I feel a bit disappointed that two subtle and clever shows have been slightly dismissed by critics (and certainly not exclusively - both shows had have more positive than negative remarks) and a bit overlooked by punters. I came up this year with more confidence about my work than I can remember and leave it more battered and shaken than I have done for a few years. Perhaps my confidence was misplaced or maybe I have been unlucky or maybe this is just the natural state for a festival with so many performers. None of the shows I saw had the audiences or reviews they deserved. There are many positives to take from the experience, the main one being the release of realisation that I don’t have to return to this slightly abusive friend, who occasionally ruffles my hair and flatters me, but mainly enjoys dismissing me and hurting me. My time will be better served elsewhere. There were times when I felt like giving up entirely this year (as there are during every Fringe), but after a couple of weeks off I will be raring to get going again, to prove the world wrong, to learn and improve and keep taking risks. I took a massive gamble this year and the immediate financial repercussions are slightly devastating. But I will make the money back even if it slightly affects the amount of free work I can do in the short term and might mean me postponing other experiments for a while. I walked into this knowing the risks and even now I think the risks were worth taking. And Lord of the Dance Settee has proved to me the most consistent show I’ve done at the Fringe. It’s nearly always worked for most of the audience and it’s a very difficult show to pull off. I didn’t do one performance of it that I thought was bad and that was in spite of feeling very unlike performing it a few days. If you’d seen me backstage you would have questioned whether I was in the mood to dance around and be daft and furious. But every night I managed that. And perhaps I should have shouted this at the start but it was a VERY CLEVER SHOW THAT TOOK SOME CHANCES AND WASN”T AFRAID TO BE MELANCHOLIC OR SERIOUS EVEN LATE AT NIGHT WITH AN AUDIENCE WHO”D HAD A DRINK. And yet still wore its daftness on its sleeve.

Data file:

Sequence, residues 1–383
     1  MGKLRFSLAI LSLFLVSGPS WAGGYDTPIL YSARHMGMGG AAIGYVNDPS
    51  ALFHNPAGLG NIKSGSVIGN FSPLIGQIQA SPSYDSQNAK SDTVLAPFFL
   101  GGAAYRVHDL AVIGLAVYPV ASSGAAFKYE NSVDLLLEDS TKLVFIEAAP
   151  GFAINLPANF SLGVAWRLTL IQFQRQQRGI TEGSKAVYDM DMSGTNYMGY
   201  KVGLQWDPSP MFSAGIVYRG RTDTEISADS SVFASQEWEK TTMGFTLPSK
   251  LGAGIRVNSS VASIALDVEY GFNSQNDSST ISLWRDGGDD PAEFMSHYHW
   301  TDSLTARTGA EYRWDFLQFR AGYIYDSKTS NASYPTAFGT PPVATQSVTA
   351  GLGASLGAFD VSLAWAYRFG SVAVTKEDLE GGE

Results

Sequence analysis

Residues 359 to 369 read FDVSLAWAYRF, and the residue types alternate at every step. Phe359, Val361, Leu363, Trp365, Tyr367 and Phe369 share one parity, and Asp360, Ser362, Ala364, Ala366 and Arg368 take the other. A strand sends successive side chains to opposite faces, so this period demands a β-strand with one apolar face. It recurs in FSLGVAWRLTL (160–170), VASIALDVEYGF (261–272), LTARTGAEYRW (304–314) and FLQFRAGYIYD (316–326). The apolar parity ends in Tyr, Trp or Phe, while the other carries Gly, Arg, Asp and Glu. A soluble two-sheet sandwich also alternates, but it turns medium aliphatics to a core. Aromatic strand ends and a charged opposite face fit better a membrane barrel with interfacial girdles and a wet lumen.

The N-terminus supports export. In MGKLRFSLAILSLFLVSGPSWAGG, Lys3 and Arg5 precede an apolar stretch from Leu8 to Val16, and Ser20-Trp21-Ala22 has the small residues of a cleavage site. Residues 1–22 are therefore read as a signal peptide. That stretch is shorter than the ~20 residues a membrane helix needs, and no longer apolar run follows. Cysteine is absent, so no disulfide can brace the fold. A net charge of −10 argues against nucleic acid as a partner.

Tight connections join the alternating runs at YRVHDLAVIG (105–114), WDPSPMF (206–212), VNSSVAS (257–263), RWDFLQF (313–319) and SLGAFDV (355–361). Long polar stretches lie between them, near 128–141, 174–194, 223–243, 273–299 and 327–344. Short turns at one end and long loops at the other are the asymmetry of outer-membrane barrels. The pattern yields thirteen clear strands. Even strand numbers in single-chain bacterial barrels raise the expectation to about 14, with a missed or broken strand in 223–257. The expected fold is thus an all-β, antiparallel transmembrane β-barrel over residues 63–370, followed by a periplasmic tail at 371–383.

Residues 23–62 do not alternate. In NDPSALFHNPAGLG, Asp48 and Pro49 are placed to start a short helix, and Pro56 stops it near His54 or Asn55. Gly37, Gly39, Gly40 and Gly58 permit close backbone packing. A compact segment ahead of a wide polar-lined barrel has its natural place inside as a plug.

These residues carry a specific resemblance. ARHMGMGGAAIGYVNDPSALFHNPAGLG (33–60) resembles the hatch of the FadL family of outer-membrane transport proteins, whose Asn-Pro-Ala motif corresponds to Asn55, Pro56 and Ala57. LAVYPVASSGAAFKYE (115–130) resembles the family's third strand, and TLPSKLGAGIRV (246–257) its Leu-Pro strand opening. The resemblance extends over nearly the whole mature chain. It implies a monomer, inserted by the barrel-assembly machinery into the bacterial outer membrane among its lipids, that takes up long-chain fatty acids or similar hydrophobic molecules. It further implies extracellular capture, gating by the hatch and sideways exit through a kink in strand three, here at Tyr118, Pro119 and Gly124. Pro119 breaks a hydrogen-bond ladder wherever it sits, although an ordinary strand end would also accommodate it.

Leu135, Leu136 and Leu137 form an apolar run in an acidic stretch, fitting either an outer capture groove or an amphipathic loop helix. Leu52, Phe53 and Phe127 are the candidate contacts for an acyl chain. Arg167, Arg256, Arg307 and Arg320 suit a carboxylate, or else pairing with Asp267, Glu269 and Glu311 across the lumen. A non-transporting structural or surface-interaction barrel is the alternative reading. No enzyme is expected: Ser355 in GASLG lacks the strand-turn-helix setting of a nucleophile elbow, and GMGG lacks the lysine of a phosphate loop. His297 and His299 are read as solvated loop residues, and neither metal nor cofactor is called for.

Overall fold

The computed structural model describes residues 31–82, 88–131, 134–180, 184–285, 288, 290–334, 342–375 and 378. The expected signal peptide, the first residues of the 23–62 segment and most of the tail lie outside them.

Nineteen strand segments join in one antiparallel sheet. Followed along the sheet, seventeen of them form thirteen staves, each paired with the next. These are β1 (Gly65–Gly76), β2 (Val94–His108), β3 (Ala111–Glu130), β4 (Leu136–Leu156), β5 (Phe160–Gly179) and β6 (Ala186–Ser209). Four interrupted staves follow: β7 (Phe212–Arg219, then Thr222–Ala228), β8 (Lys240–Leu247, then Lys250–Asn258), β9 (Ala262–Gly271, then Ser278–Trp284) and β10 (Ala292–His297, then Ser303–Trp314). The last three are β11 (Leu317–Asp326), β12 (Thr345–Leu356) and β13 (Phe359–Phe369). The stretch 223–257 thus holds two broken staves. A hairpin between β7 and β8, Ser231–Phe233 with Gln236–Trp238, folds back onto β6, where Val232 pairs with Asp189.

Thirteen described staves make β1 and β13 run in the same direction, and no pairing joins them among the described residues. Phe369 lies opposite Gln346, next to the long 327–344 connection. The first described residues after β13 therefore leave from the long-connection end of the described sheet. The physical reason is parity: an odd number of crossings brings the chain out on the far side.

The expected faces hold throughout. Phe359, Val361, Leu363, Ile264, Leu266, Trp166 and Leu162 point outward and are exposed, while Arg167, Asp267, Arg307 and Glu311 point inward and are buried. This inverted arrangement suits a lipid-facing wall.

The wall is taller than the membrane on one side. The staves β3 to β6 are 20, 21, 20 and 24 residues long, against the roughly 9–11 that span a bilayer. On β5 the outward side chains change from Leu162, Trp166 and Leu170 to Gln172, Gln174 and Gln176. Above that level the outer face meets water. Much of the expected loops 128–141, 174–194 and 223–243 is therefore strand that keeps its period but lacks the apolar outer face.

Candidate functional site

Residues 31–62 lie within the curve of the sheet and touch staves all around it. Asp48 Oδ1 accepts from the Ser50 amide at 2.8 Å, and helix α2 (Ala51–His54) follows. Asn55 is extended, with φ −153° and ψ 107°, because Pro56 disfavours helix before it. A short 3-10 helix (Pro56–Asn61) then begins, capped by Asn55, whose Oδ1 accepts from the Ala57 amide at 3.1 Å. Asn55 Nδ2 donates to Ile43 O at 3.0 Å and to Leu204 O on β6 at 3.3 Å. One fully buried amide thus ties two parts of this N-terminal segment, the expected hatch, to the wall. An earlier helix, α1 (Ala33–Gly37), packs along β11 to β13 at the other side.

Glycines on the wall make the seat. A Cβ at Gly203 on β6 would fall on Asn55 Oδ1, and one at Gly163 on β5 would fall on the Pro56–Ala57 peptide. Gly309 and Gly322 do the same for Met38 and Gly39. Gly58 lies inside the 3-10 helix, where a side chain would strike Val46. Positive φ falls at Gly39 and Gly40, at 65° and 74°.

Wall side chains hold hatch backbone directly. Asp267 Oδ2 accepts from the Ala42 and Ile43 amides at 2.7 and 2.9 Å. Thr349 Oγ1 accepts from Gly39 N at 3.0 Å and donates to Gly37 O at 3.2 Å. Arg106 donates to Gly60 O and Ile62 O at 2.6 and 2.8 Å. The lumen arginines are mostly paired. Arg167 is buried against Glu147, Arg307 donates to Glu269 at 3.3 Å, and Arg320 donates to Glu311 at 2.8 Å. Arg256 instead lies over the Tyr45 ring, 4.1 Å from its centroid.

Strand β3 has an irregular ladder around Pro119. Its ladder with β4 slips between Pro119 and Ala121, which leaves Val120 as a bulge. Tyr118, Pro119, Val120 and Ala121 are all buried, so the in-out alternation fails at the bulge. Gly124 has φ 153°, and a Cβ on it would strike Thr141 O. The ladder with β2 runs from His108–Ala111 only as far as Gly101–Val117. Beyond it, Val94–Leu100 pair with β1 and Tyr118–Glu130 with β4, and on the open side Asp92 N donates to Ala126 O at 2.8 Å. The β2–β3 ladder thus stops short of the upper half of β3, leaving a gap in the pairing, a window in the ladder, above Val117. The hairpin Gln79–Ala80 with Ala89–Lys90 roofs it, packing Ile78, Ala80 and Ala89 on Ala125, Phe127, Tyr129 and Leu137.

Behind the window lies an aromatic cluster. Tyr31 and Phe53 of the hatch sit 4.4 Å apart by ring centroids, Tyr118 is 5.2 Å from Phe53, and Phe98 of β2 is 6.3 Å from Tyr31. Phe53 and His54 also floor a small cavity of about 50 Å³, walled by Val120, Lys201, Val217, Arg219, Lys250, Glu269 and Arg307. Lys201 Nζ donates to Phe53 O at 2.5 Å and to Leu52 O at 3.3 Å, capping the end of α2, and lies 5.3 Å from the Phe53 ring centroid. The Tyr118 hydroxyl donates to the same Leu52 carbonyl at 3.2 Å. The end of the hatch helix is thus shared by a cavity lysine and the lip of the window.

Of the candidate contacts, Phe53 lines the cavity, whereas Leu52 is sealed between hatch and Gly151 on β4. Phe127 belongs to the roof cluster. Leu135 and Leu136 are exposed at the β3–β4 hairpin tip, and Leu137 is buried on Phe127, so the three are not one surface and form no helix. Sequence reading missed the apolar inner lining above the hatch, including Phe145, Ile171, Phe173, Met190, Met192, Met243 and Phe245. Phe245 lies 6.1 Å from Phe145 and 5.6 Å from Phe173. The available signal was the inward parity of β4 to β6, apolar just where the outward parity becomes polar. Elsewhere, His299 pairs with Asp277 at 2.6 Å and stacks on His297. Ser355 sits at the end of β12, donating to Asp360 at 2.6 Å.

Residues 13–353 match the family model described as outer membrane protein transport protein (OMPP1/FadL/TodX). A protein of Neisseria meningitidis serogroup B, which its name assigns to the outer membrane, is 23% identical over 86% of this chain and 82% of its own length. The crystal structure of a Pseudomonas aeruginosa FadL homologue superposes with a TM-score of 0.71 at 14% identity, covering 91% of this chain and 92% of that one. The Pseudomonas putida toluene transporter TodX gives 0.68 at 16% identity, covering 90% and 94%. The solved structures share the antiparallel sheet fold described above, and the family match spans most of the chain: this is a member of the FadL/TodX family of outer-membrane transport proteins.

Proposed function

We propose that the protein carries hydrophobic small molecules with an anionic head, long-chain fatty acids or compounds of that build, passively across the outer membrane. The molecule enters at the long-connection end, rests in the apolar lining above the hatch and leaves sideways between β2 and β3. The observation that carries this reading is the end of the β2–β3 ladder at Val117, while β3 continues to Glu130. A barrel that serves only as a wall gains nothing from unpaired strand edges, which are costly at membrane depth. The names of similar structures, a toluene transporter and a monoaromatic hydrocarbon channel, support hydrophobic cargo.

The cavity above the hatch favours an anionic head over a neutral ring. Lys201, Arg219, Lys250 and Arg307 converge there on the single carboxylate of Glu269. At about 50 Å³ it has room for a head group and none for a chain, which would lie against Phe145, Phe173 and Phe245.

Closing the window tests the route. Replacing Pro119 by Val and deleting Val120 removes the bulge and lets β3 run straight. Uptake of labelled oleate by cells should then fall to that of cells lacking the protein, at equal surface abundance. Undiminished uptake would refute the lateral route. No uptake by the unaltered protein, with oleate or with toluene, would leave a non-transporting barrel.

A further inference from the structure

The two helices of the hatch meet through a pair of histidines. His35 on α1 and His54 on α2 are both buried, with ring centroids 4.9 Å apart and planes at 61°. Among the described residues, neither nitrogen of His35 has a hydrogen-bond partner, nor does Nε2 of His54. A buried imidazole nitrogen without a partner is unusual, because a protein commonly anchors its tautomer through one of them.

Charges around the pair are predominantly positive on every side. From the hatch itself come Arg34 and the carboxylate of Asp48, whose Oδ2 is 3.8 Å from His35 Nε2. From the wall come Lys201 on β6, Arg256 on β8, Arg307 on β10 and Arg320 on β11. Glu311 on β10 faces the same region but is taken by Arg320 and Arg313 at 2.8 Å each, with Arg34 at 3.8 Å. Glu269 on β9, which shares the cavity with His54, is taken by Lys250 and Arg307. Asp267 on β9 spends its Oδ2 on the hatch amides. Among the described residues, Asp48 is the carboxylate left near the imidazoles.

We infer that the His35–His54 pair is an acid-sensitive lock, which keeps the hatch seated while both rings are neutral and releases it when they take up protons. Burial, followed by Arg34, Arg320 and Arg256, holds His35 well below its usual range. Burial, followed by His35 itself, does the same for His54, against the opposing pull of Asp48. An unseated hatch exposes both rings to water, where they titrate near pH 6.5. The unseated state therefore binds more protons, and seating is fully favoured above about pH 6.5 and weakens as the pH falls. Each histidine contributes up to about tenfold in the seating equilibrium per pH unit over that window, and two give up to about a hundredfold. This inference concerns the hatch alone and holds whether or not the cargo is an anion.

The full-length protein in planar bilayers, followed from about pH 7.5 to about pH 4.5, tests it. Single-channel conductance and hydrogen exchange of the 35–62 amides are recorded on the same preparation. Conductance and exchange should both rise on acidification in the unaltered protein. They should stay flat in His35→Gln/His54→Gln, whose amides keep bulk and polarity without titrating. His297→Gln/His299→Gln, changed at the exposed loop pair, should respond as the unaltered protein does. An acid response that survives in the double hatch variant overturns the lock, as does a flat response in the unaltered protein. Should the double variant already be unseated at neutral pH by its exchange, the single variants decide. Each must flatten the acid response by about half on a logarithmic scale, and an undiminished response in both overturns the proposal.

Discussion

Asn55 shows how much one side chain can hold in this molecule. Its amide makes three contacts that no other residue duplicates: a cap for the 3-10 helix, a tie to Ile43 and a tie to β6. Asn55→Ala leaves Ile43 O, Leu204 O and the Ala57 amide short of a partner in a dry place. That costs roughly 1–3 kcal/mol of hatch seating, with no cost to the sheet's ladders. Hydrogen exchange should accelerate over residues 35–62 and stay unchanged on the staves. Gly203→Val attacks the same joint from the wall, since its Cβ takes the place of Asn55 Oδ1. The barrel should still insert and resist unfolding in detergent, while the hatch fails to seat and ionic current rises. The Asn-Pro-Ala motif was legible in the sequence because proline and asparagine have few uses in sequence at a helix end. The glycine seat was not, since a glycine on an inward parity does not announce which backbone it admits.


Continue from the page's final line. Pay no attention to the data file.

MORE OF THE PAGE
A Twitter conversation I had with a reviewer yesterday made me realise the extent to which I know a lot more about comedy than most people (and probably all critics). When you realise that you are being judged by people who sometimes haven’t thought about the basics of comedy then it makes a bit more sense of things.
Anyway, look, I know some of you have been worried about me. Really no need - this blog is trying to be honest about m feelings at the time, but I nearly always have the self-awareness to know when I have got things out of perspective. It’s probably damaging to not go through the “yeah, it’s all going great” pretence of most comedians and I will tend to concentrate on the negatives more than show off about the positives. But fuck it. I’d rather be honest than successful. Occasionally I might be whining or wallowing, but the blog is really an attempt to give you a little behind the scenes peek into the life of a comedian. Things are still going very well and the setbacks are needed to catapult you forward. The fact I can survive this financial disaster demonstrates how well my career is going!
I am glad I came to Edinburgh, but I am equally delighted that I am leaving. My horrible, yet ludicrously expensive flat, is perhaps the ultimate symbol of what is wrong with the Fringe and why I and glad to leave and why I won’t be returning. Not for a while, not in the same way. Maybe not at all. Never say never.
Don’t read this wrong. This is a very positive blog indeed.